It is getting much harder to leave the house.
After so many years of touring, i find my attic room a cosy place to hide.
It has been a year since my supposed retreat from stand up, and despite what some of my scabrous friends have suggested, it has been quite successful.
I haven’t turned into Howard Hughes, there’s not a single bottle of my own urine on any shelf in the house (I wish I knew whose urine it was bottled all around the house), but I have severely cut down the number of showing off outings per month.
Not that long ago I was out between five and seven nights a week, now it’s nearer two. I would cut that back further, it’s only my difficulty in saying “no” that has stymied my hermit existence.
Despite what I imagined, I am not hungry to perform (though I am quite peckish for a book deal).
The events I have done have mainly been benefit shows or one off events for festivals. I rambled on about horror for Words by The Water and attempted a dissection of what it might take to be a stand up for Cheltenham Science Festival.
Tonight is my last proper stand up show of the year, though you’ll find me at the Nunhead Women’s Institute on Monday and cosmos rambling at Blue Dot the weekend after.
Then, I am chaperoning Brian Cox around the UK and Australia and quizzing him about the particle physics he keeps in his head.
The necessity to perform is not within me at the moment, but I still go on.
My timing was fortunate for misfortune. When I first stopped, I began writing a short story every day. I was trying to learn how to write like an Astounding Stories Pulp writer, train my mind to be a storyteller. Then, my mother got ill, then she died. Nothing to cancel, I had good timing for bad times.
In January, I had a hankering. I returned to Old Rope, one of my favourite clubs. This would be the first time I did a “my mum’s died” joke.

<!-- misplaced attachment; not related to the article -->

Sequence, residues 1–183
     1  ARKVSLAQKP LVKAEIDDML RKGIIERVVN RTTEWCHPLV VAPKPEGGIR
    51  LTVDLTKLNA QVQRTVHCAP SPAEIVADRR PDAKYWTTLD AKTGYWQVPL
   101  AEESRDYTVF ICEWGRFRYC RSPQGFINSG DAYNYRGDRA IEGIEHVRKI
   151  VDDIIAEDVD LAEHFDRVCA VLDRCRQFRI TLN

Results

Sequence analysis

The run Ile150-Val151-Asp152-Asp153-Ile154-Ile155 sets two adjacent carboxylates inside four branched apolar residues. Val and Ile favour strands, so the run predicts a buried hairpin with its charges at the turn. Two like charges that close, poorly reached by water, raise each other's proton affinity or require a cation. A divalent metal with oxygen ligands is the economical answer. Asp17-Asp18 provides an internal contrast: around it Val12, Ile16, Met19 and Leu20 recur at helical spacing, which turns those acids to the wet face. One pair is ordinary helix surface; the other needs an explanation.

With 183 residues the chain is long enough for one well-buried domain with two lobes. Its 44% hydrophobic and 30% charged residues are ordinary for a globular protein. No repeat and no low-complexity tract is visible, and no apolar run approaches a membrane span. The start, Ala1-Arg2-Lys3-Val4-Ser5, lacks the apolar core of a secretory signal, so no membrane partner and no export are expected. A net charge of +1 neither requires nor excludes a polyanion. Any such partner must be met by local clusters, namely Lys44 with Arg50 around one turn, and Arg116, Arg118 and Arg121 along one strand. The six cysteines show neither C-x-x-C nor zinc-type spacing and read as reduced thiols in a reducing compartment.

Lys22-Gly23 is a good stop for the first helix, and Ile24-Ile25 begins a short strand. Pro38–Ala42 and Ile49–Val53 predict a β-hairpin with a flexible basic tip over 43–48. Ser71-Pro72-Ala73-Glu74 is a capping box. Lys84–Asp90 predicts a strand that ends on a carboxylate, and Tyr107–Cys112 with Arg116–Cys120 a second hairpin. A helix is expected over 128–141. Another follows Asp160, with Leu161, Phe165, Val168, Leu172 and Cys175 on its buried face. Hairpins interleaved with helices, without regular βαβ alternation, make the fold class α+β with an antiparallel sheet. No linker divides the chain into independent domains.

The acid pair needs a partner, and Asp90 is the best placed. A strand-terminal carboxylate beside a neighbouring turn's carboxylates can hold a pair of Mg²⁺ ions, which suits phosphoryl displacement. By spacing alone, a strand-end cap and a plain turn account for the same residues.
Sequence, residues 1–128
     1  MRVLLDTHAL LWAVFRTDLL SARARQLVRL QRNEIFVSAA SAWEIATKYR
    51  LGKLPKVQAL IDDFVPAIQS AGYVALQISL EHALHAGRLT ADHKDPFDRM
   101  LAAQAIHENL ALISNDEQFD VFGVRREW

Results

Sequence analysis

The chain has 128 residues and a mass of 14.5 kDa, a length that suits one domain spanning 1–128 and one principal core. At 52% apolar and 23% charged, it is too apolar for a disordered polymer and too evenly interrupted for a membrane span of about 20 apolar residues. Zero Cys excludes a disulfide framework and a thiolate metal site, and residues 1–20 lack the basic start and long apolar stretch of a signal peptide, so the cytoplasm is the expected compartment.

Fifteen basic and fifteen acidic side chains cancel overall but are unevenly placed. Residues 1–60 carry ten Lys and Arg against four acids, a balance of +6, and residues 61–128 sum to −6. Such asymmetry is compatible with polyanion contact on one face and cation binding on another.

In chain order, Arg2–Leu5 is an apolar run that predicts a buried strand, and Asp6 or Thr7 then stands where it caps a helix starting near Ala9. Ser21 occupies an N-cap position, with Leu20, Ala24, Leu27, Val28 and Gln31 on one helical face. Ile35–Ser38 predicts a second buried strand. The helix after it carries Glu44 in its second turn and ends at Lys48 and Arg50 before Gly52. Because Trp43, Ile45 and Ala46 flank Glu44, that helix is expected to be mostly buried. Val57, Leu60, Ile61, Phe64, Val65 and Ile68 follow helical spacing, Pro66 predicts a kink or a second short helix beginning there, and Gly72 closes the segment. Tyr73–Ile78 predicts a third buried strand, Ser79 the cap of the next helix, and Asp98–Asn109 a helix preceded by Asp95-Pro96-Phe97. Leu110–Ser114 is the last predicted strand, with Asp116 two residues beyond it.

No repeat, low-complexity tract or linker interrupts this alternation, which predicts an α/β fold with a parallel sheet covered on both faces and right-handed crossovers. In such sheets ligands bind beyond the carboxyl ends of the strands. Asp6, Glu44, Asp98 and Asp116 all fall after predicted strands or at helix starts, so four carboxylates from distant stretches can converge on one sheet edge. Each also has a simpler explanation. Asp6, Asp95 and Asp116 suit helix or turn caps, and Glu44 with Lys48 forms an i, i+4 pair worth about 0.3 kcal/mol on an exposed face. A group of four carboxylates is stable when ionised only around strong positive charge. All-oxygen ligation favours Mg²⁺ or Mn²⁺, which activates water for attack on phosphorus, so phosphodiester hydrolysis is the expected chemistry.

“My mum’s just died. This is predominantly bad news, but on the plus side, I can have my haircut anyway I want now”.
I went to Old Rope every Monday for a few months, but something wasn’t quite right about how my mind and mouth connected. The necessity was not there. I had no tour coming up. No big TV gig.
I could mull over my too many thoughts on my own for now, they did not need to be dripped into the ears of a lab rat audience. I am back with the secret notebooks in the loft again.
For this last foray into solo shows for now, I am doing one of my favourite touring things. I am sitting alone in a Manchester Coffee bar imagining I am in an Edward Hopper painting. I am in the first café where I experience internet paranoia. My skin is thicker and deader now when social media pugilists and irritants decide to try and cut me. Touring with Ricky Gervais a decade or so ago, getting unsolicited hate and venom was a spiteful novelty. Sat in this café in 2005, i wondered if those who had threatened me might be around every corner, hiding near the muffins or behind the metallic news vendor stand. It took a while to shake, maybe I was never quite the same afterwards. The ability to deliver hate to any door can feed the voices in your head.
I walked by a big poster for the Blue Dot festival, and there in might font, it said The Infinite Monkey Cage. Eight years ago, I sat in a front room in Levenshulme and frantically wrote and wrote and wrote, seeking out a title for this new 4 part science show I was doing with the man who would be “the sexy face of the standard model of electromagnetic, weak and strong nuclear interactions”, but wasn’t quite yet. Radio 4 had suggested Top Geek, so my mind splurged to find an alternative. In the end, it was The Infinite Monkey Cage that stuck, the other 317 possibilities are now forgotten.
a little of Why and Why Not by Mark Titchner
about ugliness and between the war stately homes in TLS1
Watched… Brian Blessed on The Wright Stuff
Bought in an Oxfam…
Death’s Dance Floor by Ian Breakwell
Music and the Mind by Anthony Storr
Three Little White Lies (Map to the Stars, Carol and The Rover)
radio column about Roald Dahl for next week’s Big Issue